In a recent guerrilla-marketing campaign, Icebox littered college campuses with fake Chinese menus for At the Web site, viewers see Mr. Wong dropping his trousers and screeching, "Suck my litchi nuts, you American bitches!" The company has even plastered posters with Mr. Wong flipping the bird near New York's Chinatown.

"We certainly don't encourage our writers to do things that are lowbrow," Stanford says, but the lewd, crude frat-boy fare is aimed squarely at the 18-to-35 demographic the company aims for.

This fall, Icebox will unveil a show about a flamboyant fowl named "Queer Duck," who pals around with his boyfriend, "Openly Gator."


"It's no different from "Will and Grace," Stanford insists.

By serving as a testing ground for shows with potential to become television hits, Icebox may have discovered a solution to the biggest Web quandary -- how to stay financially afloat.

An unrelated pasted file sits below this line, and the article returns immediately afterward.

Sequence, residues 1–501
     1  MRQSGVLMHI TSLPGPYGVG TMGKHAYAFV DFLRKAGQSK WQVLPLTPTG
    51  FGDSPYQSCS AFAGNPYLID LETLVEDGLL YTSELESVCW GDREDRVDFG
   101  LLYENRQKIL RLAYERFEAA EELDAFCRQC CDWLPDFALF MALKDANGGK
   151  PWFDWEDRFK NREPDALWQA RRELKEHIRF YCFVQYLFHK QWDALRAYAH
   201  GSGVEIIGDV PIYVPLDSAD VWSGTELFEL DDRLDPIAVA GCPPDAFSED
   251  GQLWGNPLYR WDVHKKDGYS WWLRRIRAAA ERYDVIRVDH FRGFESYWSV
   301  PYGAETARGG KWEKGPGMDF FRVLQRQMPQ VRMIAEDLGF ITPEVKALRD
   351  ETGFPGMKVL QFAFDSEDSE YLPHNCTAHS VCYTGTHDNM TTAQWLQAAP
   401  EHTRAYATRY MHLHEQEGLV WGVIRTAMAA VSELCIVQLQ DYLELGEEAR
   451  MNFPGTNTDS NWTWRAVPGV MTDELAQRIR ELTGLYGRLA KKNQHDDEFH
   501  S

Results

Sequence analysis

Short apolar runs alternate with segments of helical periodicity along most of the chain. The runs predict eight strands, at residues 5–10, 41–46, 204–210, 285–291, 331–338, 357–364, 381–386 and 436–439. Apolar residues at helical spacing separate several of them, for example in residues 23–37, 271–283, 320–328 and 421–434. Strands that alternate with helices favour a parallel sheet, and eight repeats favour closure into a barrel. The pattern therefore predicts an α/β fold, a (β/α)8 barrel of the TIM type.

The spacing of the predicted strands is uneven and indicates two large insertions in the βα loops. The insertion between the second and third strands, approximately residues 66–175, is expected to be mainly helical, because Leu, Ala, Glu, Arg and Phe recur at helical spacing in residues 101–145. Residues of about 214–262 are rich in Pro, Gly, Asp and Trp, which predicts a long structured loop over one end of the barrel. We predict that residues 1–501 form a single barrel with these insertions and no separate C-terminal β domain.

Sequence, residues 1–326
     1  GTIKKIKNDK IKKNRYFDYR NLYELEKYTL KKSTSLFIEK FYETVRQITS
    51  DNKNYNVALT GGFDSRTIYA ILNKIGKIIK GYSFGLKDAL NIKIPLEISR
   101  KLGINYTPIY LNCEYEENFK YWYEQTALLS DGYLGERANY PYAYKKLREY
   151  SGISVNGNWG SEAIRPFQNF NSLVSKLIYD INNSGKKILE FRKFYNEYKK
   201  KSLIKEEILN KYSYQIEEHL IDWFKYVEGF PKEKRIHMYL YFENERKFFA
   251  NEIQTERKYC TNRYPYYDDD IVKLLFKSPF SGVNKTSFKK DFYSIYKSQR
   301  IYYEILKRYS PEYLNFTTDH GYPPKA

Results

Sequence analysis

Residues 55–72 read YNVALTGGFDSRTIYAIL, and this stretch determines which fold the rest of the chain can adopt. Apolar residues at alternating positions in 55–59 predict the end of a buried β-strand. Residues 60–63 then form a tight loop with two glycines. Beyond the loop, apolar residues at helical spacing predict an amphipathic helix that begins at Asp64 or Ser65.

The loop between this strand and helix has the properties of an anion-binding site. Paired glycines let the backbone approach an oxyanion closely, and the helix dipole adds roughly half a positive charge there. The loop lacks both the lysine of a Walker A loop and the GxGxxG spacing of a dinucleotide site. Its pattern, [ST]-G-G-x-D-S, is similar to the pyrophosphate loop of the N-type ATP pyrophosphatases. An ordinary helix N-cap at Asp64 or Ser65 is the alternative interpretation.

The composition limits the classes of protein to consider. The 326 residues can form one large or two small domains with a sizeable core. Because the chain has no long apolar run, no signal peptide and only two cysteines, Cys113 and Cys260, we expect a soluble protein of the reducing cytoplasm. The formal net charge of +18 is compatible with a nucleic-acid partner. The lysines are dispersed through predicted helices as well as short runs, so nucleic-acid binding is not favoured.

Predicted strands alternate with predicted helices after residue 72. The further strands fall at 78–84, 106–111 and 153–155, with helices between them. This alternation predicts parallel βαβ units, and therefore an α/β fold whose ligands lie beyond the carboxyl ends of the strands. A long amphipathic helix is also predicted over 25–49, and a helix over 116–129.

After all, Stanford says, hit show "Seinfeld" is a $2 billion property. That isn't dot-com vapor money, whose worth is tied up in the wild imaginations and speculations of investors. It's cold, hard Hollywood cash.


Hollywood has shown an interest in Icebox because, each season, the networks lose millions to find the next "Seinfeld." As Stanford points out, of some 100 shows that are commissioned each year, only a few dozen will actually be shot for pilots, and even fewer will actually get broadcast. NBC and Fox are each debuting six shows this fall, CBS has seven new offerings and even "not quite a network" WB is rolling out four shows -- all with the hope that at least one show will be successful enough to return next year.